CBR TV @ NYCC 2014: Roberto Aguirre-Sacasa & Robert Hack Chill, Thrill with "Sabrina"

Archie Comics Chief Creative Officer and writer Roberto Aguirre-Sacasa and artist Robert Hack visited the world famous CBR Tiki Room during New York Comic Con to spill all the dark secrets from their expansion of their new horror universe with "Chilling Adventures of Sabrina" in a conversation with CBR's Jonah Weiland. They discuss the limits of horror in "Sabrina," why the book is darker in tone than even "Afterlife with Archie" and how EC Comics have influenced Hack's work on the series. The artist and writer talk about how long it took to nail the book's aesthetic in terms of colors in order to maintain a singularity of vision. Aguirre-Sacasa also talks about how many titles the burgeoning horror universe could support and whether he plans to write all of them or bring in some new voices. The CCO wraps up by talking about what sets the Dark Circle relaunch apart and what's next for the company in terms of film and TV, including an update on Sony's planned "Sabrina" film adaptation.

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On pushing the envelope with the book's horror and why it feels darker than "Afterlife":

Roberto Aguirre-Sacasa: It's funny, though both the mom and the dad seem to be dead, I can tell you that we have not seen the last of either Sabrina's mother or Sabrina's father. We see Sabrina's mother in the second issue, she's in the lunatic asylum -- lobotomized -- and kind of a bigger arc for Sabrina will be reconnecting with her father and realizing what exactly her father did to her mother.

As we were working on the book, it's a little bit less viscerally shocking than "Afterlife," which has zombies and Jughead and dogs getting killed, and Archie beating his zombie dad with a baseball bat, which doesn't get more kind of obvious than that. ["Sabrina"] is a little more psychological. As we were working on it I did feel, "Wow, this book is in some ways a lot darker than 'Afterlife,'" and I don't know if it's because it focuses on Sabrina and she's kind of -- Archie has his whole gang around him, so they always feel like a buffer, a circle of protection. Sabrina, though she does have a supporting cast, you never know if they're actually allies or if the aunts are villains, so it does feel like it's more like her trial by fire, and it just does feel a little bit darker and a little bit more psychological.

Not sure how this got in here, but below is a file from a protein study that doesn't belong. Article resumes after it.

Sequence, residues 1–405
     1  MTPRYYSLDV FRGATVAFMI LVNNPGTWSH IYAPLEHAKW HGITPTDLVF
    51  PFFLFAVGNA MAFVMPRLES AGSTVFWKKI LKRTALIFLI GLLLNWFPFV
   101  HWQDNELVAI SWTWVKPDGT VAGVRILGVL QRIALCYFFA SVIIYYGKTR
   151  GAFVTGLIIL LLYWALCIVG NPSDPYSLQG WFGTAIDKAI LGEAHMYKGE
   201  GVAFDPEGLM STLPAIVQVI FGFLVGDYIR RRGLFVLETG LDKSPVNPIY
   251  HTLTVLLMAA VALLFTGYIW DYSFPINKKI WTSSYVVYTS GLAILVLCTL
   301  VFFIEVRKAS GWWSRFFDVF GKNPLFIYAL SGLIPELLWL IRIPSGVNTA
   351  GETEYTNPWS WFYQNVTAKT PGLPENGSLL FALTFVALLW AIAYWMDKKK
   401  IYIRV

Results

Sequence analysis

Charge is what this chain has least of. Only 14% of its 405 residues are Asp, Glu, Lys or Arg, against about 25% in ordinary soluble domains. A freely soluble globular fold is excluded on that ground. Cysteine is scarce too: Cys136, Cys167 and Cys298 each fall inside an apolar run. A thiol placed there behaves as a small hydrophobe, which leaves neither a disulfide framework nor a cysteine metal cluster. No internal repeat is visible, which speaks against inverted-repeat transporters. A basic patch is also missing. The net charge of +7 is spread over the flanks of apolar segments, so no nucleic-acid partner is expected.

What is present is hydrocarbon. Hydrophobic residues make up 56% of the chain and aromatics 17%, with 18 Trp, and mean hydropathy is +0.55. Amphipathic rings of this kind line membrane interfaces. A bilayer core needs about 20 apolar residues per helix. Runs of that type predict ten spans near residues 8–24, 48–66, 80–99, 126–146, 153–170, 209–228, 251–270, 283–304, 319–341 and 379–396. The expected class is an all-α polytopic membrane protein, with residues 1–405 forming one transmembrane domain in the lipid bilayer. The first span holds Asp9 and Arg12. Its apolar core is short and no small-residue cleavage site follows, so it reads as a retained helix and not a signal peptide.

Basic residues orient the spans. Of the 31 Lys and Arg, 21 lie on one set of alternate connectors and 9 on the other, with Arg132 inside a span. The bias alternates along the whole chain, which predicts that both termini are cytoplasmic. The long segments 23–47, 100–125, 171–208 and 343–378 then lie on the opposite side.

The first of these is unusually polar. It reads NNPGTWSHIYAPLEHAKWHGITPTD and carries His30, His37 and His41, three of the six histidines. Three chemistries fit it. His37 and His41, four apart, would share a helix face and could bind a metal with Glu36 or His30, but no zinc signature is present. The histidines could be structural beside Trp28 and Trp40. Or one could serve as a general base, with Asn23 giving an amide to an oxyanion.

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On finding the right approach to "Sabrina's" colors:

Robert Hack: It's sort of a sepia, makes it feel older, vintage. I'm actually distressing some of the pages with sandpaper. It's a way of making it old, yet new. I mean, it is viscerally new.

Aguirre-Sacasa: Originally Robert wasn't going to color the book. He drew it, he inked it, and we went out to a lot of really amazing colorists who did great jobs, but they looked a little bit more like everything else on the shelf. [Because] "Afterlife with Archie" is such a singularity of Francesco [Francavilla]'s artistic vision, that somehow great colorists, they did great jobs on the pages we sent them -- it was the first six pages -- but it never kind of felt right.

I talked to [Archie Comics co-CEO] Jon Goldwater and I said, "Maybe this should be a black-and-white book." That will really make it stand out." And then we all had a lot of internal conversations about do black-and-white books sell, is that really what we want to do. I said, "I'd rather put out a black-and-white book that is all Robert than a book that just doesn't feel like it's got that singularity of vision." And then I think I asked, "Who colors those covers of yours that I love?"

Hack: I had done a few covers -- and just stuff for myself, where I did my own sort of sepia, similar vintage tone. And...

Aguirre-Sacasa: And then you did the first six pages and it was like, "That's the voice of the book."

Segura Unpacks The Future of Archie's Creator-Driven Dark Circle Comics

On how their Dark Circle super hero relaunch is different than similar attempts from other companies:

Aguirres-Sacasa: It's not just a reboot, it really is kind of a reimagining. So obviously Red Circle is now Dark Circle, and to me it's what it always is and why these launches are successful. And that is the books that come out themselves are excellent, excellent books. "Black Hood," I've read the first few scripts, I've seen the artwork, and it is gonna be an A+ book. The quality is there, will be there. We really, really kill ourselves on every book we launch, we obviously don't put out as much as Marvel and DC so it really is for us quality control and making sure that everything we put out can stack up to what came before. So that's kind of our philosophy behind Dark Circle and frankly every move we're doing now going forward is scrutinized to within an inch of its life by fourteen different people to make sure that we've got the right quality, the right tone, and it's the right expansion.

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